As sometimes happens, the rascal wrote the better book. Wolf was East Germany's most famous and successful spymaster, and though he does not reveal all, he tells an intriguing tale. Some will be surprised or dismayed to learn that, yes, during the 1980s the East Germans did indeed fund portions of the West German "peace movement" and provide a safe haven for terrorists. Wolf's selective memory, continual attempts at self-exculpation, and specious resort to the argument that the West behaved as badly as the communists are neither convincing nor appetizing.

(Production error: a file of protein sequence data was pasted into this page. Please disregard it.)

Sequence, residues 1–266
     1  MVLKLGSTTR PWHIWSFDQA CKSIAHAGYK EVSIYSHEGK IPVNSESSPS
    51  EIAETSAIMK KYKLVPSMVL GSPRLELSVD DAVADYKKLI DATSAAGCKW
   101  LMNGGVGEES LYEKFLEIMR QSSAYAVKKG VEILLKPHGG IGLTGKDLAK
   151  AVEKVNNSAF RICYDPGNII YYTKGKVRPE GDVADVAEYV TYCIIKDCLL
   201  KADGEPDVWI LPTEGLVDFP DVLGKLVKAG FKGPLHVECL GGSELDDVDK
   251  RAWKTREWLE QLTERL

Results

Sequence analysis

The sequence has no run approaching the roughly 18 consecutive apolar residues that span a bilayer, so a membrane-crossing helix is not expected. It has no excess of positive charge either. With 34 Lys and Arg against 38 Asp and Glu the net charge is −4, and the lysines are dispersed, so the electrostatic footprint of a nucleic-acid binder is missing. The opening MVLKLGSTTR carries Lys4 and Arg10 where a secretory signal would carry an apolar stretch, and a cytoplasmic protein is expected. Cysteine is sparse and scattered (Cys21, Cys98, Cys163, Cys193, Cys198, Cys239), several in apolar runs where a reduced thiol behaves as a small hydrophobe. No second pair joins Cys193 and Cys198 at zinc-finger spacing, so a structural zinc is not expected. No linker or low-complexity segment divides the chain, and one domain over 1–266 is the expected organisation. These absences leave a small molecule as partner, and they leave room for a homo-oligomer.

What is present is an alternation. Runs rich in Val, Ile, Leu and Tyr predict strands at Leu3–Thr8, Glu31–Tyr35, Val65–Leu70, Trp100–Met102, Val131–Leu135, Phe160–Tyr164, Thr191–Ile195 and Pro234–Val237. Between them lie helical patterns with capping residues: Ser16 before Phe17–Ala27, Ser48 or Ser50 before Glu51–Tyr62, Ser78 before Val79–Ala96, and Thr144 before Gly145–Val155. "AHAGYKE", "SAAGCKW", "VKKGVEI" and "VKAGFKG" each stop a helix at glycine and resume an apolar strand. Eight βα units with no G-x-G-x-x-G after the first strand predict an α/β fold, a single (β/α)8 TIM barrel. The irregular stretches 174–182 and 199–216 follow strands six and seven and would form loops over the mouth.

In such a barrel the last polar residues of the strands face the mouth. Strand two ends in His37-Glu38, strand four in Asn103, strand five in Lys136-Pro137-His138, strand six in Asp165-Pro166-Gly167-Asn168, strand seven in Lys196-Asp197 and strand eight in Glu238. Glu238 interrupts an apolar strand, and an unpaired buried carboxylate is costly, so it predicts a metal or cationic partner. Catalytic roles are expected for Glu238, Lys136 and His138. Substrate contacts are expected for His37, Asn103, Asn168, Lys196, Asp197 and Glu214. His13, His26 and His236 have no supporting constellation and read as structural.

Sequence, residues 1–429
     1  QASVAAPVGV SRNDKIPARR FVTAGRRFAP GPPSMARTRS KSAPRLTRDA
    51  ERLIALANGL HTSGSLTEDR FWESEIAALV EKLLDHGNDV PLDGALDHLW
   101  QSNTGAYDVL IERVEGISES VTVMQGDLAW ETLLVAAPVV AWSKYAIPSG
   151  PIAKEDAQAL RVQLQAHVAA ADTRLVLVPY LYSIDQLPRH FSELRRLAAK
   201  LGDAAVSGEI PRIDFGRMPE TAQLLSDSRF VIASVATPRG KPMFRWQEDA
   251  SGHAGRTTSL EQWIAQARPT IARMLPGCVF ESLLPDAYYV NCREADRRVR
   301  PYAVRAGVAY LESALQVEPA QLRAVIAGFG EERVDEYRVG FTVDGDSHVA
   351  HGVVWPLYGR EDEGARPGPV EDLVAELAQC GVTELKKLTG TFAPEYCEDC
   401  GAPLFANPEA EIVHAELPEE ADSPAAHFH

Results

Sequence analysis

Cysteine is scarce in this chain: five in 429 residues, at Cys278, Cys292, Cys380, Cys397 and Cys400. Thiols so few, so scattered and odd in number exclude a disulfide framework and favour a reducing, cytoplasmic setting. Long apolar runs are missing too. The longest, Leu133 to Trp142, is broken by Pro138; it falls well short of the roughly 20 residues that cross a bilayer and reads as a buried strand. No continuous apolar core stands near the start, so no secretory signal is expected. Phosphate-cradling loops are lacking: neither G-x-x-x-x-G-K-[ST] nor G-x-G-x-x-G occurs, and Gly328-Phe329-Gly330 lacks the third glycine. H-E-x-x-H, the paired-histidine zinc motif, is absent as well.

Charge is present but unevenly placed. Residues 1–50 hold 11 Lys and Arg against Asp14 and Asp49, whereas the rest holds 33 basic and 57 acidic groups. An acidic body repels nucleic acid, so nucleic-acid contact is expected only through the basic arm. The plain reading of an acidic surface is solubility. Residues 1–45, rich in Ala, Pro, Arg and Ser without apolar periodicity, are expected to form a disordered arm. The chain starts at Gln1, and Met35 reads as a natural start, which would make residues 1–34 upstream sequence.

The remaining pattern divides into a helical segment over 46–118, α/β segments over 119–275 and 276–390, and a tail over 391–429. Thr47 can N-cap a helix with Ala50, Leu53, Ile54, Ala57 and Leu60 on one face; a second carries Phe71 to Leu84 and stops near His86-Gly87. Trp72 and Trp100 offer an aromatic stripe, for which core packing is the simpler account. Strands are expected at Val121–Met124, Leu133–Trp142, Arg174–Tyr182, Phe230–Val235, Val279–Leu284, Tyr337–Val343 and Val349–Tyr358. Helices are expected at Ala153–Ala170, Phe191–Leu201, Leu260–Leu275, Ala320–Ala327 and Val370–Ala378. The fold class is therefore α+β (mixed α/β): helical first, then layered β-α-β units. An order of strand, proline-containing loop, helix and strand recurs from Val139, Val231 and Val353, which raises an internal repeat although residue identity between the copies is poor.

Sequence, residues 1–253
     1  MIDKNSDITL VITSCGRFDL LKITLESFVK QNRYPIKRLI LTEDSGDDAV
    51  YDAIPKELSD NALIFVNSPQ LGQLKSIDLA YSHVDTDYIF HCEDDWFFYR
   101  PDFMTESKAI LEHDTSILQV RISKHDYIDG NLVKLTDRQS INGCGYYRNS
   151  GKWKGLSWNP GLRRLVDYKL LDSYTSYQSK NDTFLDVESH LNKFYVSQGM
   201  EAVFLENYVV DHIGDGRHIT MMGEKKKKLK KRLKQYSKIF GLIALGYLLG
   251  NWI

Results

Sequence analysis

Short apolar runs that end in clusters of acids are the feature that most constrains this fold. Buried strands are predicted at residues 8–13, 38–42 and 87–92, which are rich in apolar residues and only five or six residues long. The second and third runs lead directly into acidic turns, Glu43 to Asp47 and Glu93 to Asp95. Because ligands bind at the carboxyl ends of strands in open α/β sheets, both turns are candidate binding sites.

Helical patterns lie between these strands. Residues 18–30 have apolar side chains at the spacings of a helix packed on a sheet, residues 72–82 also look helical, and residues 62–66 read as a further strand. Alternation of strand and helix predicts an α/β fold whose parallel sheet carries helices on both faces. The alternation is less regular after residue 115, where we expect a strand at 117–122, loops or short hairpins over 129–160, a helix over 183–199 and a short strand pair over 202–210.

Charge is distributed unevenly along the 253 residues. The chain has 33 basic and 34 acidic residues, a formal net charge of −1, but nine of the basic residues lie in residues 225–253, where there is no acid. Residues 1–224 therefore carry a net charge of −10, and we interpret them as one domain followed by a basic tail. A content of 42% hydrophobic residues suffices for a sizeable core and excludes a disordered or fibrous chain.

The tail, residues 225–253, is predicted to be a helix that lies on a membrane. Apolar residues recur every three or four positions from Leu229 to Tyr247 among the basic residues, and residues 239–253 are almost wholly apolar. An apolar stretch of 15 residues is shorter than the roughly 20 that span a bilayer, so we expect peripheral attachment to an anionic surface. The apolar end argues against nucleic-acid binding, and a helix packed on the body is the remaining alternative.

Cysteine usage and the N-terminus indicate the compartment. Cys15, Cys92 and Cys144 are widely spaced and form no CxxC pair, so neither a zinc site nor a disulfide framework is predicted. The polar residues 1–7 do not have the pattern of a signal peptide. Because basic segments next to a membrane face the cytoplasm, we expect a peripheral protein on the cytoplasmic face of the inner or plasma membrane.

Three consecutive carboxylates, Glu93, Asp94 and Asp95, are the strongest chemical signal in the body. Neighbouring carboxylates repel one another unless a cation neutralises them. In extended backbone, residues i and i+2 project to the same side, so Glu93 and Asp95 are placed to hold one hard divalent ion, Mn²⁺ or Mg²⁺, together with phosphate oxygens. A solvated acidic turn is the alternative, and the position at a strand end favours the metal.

Murphy and Kondrashev obtrude less in the account they, a retired American and Soviet spy, have written with a former American journalist. All three men in different ways operated in and around Berlin and know the city well. Part of a fascinating Yale University Press series on the Cold War seen in part from the vantage point of the Soviet archives, this book covers primarily the grim glory days of the Cold War in Berlin -- the period up to the building of the Berlin Wall. The lacunae are numerous (there is very little here, for example, from the Soviet side on the operations of Soviet military intelligence), and Bailey's efforts to reconcile his co-authors' views of reality do not always succeed. Nonetheless, this is a major contribution to the intelligence history of the Cold War.
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